Browsing Archive March, 2006

Heilman in the Bullpen

Aaron Heilman back to the bullpenSo now it’s official: Aaron Heilman is in the bullpen, supposedly for the good of the team. I don’t buy it.

How is this good for the team when you have Zambrano and Trachsel still in the rotation? I understand the Mets’ need to make up for the Kazmir deal and keep throwing Zambrano out there until he finally “gets” the 10-minute tutoring received from Rick Peterson. What I don’t understand is how and why Trachsel still has a job.

Yesterday, Willie Randolph was quoted as saying something to the effect of, the players know they need to do what’s best for the team, and Aaron may be unhappy but he’ll be fine with the decision because he’s a team player. Well if that’s true then again, why is Trax still on the roster? Last year he downright refused to go to the bullpen when he returned from back surgery. With the Mets already set with five starters, was that best for the team?

I have no problem with Brian Bannister being the #5 starter; in fact, I applaud it. The problem I do have, is with Zambrano and Trax #3 and #4. Get Trax out of there and insert Heilman; better to do it now than in June, when Trax is 1-8 and has re-busted his back.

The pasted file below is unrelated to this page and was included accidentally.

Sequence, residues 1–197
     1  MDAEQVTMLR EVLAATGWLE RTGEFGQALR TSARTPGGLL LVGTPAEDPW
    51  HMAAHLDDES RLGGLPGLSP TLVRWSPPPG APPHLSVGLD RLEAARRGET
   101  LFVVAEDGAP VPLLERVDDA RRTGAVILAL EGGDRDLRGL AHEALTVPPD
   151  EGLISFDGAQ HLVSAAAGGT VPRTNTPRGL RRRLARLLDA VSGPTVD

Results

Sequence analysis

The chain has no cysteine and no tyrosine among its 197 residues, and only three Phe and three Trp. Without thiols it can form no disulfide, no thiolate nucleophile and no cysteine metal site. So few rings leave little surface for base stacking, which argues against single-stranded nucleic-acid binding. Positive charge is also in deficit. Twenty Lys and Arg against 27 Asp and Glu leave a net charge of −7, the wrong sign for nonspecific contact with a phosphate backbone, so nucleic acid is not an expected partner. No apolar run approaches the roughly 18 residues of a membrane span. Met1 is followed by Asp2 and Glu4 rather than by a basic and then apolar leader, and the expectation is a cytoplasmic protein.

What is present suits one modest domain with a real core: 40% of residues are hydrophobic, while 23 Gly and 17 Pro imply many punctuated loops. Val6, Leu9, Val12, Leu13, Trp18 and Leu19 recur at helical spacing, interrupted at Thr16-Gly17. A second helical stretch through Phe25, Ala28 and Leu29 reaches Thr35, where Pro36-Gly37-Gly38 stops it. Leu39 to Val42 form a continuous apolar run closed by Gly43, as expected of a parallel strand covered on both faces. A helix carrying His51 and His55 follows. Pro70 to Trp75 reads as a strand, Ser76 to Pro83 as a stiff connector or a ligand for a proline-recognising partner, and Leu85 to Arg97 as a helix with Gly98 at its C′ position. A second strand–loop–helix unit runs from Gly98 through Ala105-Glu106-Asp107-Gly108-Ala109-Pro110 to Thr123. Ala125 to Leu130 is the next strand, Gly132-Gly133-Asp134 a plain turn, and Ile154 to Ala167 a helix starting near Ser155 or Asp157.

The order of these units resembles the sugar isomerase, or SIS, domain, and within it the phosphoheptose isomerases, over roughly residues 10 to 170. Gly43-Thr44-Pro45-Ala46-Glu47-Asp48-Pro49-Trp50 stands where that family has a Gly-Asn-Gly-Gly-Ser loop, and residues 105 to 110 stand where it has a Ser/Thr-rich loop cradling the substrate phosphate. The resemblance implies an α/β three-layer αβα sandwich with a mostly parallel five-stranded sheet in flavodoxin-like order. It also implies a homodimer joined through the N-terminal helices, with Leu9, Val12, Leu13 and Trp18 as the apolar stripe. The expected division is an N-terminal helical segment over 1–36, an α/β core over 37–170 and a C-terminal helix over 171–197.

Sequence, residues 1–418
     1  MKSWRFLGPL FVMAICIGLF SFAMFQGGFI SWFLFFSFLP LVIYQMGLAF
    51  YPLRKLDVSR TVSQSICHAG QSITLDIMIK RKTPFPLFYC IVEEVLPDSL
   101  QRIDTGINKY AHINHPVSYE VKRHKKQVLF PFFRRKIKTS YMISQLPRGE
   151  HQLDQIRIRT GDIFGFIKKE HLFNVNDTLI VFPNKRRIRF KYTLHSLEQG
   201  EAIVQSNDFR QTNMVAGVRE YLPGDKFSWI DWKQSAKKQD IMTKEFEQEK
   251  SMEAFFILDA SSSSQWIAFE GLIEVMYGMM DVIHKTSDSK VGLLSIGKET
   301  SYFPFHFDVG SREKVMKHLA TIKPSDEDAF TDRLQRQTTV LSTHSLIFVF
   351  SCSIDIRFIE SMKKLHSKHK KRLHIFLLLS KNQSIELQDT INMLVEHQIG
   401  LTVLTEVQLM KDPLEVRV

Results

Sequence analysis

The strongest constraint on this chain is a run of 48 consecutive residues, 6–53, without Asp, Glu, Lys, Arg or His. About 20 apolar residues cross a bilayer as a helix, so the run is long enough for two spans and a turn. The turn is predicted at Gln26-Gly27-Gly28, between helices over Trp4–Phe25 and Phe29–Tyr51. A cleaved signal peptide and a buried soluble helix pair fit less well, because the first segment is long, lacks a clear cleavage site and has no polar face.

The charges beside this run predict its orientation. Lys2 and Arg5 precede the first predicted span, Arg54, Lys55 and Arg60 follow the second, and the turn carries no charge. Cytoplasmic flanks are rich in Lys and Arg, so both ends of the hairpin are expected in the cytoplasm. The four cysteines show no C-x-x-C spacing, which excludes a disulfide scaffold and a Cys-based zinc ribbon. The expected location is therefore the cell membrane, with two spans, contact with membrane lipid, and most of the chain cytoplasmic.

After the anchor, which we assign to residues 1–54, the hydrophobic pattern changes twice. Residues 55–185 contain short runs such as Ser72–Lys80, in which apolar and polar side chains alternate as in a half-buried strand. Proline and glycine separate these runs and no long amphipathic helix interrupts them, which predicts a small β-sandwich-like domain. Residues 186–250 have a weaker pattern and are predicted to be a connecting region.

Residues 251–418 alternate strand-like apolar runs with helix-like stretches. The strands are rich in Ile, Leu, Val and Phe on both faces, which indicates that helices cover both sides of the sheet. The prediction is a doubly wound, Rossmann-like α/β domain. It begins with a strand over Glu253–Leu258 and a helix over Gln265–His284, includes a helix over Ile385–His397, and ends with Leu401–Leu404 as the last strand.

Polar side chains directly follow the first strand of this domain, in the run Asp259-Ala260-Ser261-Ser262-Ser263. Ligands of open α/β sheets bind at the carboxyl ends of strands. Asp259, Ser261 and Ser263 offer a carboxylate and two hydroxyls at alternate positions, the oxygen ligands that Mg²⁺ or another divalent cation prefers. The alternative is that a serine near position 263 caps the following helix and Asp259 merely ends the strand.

Many of the fans posting on the Mets blogs are asking what the Mets owe Heilman … my question is, what do the Mets owe Tracshel? The guy is a career loser, never better than a #4 when 100%, and now 35 and coming off back surgery.

Some of the same fans are saying that Heilman’s best role for the team is to be in the bullpen because he was so dominant there last year as a setup guy in the late innings. Well guess what? That’s Duaner Sanchez’s role this year. So when does Heilman come in? The 6th? But isn’t that where Bradford, Heath Bell, and Jorge Julio will be? You wouldn’t need all these damn relievers if you had starters who could go more than 5 innings. I think Heilman has the guts and ability to be a 6-8-9-inning pitcher, if given the chance.

But of course, the naysayers point to the fact that Heilman is a two-pitch pitcher, and batters hit him after he goes through the lineup two or three times. Nonsense. First, he’s a three-pitch pitcher; he throws a slider that he didn’t need in relief outings. Second, even if he was only a two-pitch pitcher, there have been very successful starting pitchers in the past with just a fastball/changeup arsenal. Mario Soto, Tom Glavine immediately come to mind. Finally, I think every lineup in the big leagues is going to hit better against a starting pitcher in the third and fourth go-around. And I’ll take my chances with Heilman in a second, over Trachsel and Zambrano.